Jalebis are the quintessential Indian dessert. No one can resist a plate of the hot stuff. No wonder its called the ‘Celebration Sweet of India’!!
A kind of donut, origins of Jalebi can be traced back to ancient India, where it was called Kundalika or Jal-vallika (being full of syrup, which is watery; hence the name). In later dialects of Sanskrit, Jal-vallika became Jalebi which likely arrived in the middle east during the period of Muslim rule, through cultural diffusion and trade from the Indian subcontinent, and its local name Jalebi became Zalebi as Z is more common in middle-eastern languages.
Here’s a fuss- free recipe I discovered. Try it once and you will never want to buy Jalebis again!
Prep Time: 5 minutes plus 30 minutes fermentation time
Cook Time: 30 minutes
Makes approx 35 jalebis
All-Purpose Flour – 1 cup
Cardamom Powder – 1/8 tsp
Quick Rise Yeast – 1 tsp
Corn Starch – 2 tsp
Oil – 1 tsp
Yogurt – 1 Tbsp
Warm Water – 3/4 cup
Sugar – 1 1/4 cups
Water – 1 cup
Saffron – pinch
Lemon Juice – 1 tsp
Cardamom Powder – 1/4 tsp
1. In a mixing bowl, add All-purpose Flour, Cardamom Powder, Rapid Rise Yeast and Corn Starch. Mix thoroughly.
2. Add Oil, Yogurt and Water and whisk well until there are no lumps… (…and the batter starts looking like the dog regurgitated)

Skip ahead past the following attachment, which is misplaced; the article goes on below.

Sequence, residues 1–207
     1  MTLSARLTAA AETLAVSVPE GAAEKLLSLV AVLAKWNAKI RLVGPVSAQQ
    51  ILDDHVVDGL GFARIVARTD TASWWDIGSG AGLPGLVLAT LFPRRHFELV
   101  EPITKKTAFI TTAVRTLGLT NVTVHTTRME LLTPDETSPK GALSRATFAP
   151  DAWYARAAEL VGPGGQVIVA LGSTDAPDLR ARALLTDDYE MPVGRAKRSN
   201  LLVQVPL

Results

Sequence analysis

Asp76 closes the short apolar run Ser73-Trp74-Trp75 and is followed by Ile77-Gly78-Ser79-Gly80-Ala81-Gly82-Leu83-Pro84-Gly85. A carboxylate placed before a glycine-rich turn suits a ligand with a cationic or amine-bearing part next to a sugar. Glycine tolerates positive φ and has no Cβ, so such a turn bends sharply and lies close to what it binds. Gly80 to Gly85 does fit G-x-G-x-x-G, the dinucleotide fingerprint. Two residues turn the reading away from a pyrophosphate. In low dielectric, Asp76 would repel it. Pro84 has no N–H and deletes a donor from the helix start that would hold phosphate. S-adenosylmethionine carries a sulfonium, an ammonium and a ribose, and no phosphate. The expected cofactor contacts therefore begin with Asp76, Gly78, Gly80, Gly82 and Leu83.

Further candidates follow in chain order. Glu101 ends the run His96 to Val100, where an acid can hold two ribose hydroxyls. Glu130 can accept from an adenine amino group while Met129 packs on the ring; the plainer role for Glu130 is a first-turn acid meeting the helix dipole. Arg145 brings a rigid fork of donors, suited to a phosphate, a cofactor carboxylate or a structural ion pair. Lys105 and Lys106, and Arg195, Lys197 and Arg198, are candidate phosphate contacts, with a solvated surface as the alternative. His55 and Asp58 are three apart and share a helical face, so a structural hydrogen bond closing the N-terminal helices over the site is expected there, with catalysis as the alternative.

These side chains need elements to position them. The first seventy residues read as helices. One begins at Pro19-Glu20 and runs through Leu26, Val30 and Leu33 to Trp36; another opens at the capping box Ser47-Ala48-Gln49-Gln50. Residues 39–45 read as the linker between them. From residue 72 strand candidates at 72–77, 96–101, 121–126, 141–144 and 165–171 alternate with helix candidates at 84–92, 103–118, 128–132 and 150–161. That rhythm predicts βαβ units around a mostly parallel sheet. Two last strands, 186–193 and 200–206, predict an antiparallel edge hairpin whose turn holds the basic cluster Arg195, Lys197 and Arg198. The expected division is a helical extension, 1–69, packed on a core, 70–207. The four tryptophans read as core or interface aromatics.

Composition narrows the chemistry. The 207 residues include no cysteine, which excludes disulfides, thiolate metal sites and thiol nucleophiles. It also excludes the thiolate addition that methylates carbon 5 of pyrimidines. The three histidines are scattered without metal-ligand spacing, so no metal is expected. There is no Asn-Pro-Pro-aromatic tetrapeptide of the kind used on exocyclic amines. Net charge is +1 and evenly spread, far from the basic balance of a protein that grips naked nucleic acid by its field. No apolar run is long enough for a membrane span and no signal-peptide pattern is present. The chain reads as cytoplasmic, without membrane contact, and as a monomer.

3. In a larger bowl or pot, add very warm water and place the mixing bowl with the batter inside the larger bowl.Cover the larger bowl and allow the batter to rest for 30 minutes.
4. After the batter has been resting for 15 minutes, start on the syrup and start to pre-heat oil for frying the jalebi.
5. Syrup: In a heavy bottom pan, add Water, Sugar and Saffron. Cook for 15 minutes on medium heat or until the temperature reaches 200F/95C.
6. Reduce flame to a low simmer and add Cardamom Powder and Lemon Juice. Mix.
7. Mix the fermented jalebi batter well and put it in a ketchup or mustard bottle with a spout (zipper bag or piping bag can be used).
8. Squeeze out the batter into the hot oil in approximately 8 small circular motions. Jalebi should about 2-3 inches in diameter.
9. Fry until the bottom side looks golden and flip once to cook the other side.
10. With tongs, remove jabebi, shake off excess oil and place directly into sugar syrup.
11. Allow jalebi to remain in the syrup for just a minute (flipping to coat both sides), shake off excess sugar syrup and place onto a plate.
12. Continue frying remaining jalebis. I had a lot of fun after the first batch had been done with various shapes and doodles. I made spectacles, houses, trees, clouds and many such things.
13. Enjoy them hot for optimal taste or allow them to cool and store in a container with a tight fitting lid. Jalebis will remain fresh for 4-5 days unrefrigerated.
NOTE: About mid way through the frying process, turn off the stove for the sugar syrup so that it does not become too thick.